The opinion of the court was delivered by: Hon. Michael M. Anello United States District Judge
ORDER DENYING EX PARTE MOTION FOR LEAVE TO FILE MOTION TO INTERVENE [Doc. No. 341]
Class settlement objector, Gordon Hansmeier, through his counsel, Brett Langdon Gibbs of Mill Valley, CA, filed an ex parte application for leave to file a motion to intervene to be heard on an expedited basis. [Doc. No. 341.] Objector wishes to intervene so that he may ultimately file a motion to remove certain class counsel, have his attorney appointed as co-lead class counsel, and for issuance of supplemental notice. The Court DENIES Objector's ex parte motion.
On May 22, 2012, the Court issued an Order preliminarily approving the class settlement, certifying a settlement class, appointing a class representative and class counsel, and providing for class notice. [Doc. No. 313.] In that Order, the Court appointed Kurtzman Carson Consultants as the class administrator and ordered that individual notice be sent to identified class members via electronic mail or standard mail no later than July 6, 2012. The Court further ordered notice by publication no later than July 27, 2012. [Id. ¶ 7(a)-(b).] As relevant to this Order, the Court also scheduled a final approval hearing for October 29, 2012, and set a deadline of October 1, 2012, for filing objections to the class settlement, attorneys' fees, or both. Shortly after the scheduled class notice dates, the Court slowly began receiving objections. [See Doc. No. 319 (Objection of Aaron H. Pratt, first objection received on July 23, 2012).]
Objector's local counsel, Brett Gibbs, made an appearance on Objector's behalf on October 1, 2012, the last day to file objections to the class settlement. [Doc. No. 330.] Objector filed his objection on the same day. [Doc. No. 331.] At 32 pages--by far the lengthiest objection filed--Objector's filing includes 4 exhibits, including two letters sent to class counsel by an associated Minnesota attorney named Paul R. Hansmeier. The first letter, dated Friday, September 28, 2012, is addressed to class counsel, Mr. Stewart. In addition to briefly voicing Objector's objections, attorney Hansmeier demanded $30,000 in exchange for his not filing lengthy objections to the class settlement and attorneys' fees request. [Doc. No. 331-4.] Objector's counsel ominously warned, in part:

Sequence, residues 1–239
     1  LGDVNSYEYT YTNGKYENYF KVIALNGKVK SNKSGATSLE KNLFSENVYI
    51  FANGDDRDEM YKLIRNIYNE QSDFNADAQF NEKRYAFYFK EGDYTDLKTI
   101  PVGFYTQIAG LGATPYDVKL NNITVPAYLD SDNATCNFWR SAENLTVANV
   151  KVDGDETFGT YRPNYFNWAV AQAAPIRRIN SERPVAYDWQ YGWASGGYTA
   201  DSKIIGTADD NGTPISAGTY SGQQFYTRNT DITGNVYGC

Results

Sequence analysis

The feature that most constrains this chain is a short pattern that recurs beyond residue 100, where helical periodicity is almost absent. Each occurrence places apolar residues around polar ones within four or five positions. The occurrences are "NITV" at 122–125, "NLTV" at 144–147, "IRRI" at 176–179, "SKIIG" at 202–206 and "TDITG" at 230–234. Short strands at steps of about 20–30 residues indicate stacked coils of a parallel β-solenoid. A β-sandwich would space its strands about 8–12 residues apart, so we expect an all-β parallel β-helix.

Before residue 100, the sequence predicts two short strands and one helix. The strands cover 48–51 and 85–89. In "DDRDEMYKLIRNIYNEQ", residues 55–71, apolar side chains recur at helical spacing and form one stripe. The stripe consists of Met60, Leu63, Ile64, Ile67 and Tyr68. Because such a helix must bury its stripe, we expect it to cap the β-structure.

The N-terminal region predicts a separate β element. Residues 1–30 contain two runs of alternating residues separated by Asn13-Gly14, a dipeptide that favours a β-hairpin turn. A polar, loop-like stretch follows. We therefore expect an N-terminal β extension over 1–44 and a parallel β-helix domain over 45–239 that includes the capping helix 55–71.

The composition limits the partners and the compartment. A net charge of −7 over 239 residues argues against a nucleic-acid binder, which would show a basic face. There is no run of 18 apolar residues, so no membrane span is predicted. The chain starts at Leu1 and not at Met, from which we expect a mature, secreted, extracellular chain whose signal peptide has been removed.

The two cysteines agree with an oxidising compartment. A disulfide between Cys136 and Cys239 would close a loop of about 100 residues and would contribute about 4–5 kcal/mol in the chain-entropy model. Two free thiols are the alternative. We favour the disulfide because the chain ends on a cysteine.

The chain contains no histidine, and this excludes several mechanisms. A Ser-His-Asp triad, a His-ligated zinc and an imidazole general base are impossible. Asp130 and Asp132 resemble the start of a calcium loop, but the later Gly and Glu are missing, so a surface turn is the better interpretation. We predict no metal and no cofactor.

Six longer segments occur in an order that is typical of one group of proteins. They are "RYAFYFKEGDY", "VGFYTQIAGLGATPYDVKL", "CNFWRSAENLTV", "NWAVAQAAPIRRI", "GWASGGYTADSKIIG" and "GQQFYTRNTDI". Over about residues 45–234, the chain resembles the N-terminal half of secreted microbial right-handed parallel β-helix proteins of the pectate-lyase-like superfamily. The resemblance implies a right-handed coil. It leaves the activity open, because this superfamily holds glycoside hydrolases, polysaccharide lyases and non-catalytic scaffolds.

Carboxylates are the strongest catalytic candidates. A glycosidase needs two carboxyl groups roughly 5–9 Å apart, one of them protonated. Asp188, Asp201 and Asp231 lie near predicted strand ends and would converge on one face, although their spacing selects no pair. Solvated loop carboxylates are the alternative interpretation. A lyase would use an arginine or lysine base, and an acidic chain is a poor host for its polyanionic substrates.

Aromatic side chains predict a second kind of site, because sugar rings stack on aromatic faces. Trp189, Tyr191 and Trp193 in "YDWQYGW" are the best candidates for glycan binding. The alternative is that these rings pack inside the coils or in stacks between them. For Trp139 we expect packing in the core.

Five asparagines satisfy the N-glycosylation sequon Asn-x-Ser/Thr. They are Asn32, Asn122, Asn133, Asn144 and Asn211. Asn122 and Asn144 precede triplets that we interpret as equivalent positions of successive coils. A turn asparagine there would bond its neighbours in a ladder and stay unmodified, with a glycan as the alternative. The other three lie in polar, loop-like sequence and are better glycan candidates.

This letter is to advise you that an objection will be filed to your proposed settlement. I am enclosing a draft of the objection to be filed, which you have previously had an opportunity to review. This (or a similar version) will be filed if you do not attempt to resolve this matter. We find that settlements like this are likely to be rejected following our participation, as was the result today in In re Groupon, No. 11-md- 02238 (S.D. Cal.) (Dkt. No. 97).
I will extend to you an offer to settle this matter with my client for $30,000.00 if the settlement terms are reached by 5:00 PM CST on Monday, Oct. 1, 2012. If you reject this settlement and the objection is filed, the offer to settle is revoked and will not be extended at the pre-filing settlement amount.
Govern yourself accordingly.
[Doc. No. 331-4.] On Monday, October 1, 2012, governing himself according to the undertone
and implications of Objector's counsel's letter, class counsel responded, in part:
In our view, if you present this objection, it is clear that it will have been presented for an "improper purpose" under Fed R. Civ. P. Rule 11(b)(1). Our view is further informed by the fact that the practice of contacting class counsel with draft objections and inviting them to "discuss them" (i.e. resolve them by making an unjustified payment to the objectors' lawyers) in advance of filing in the hope of gaining an unjustified payment beyond any legitimate class member's claim appears from the Record in Groupon to be a pattern of conduct.
Please be advised that we consider this conduct to be improper and sanctionable under 28 U.S.C.A. § 1927 and Rule 11.
[Doc. No. 331-3 at 3.] That same day, Objector's counsel took umbrage ...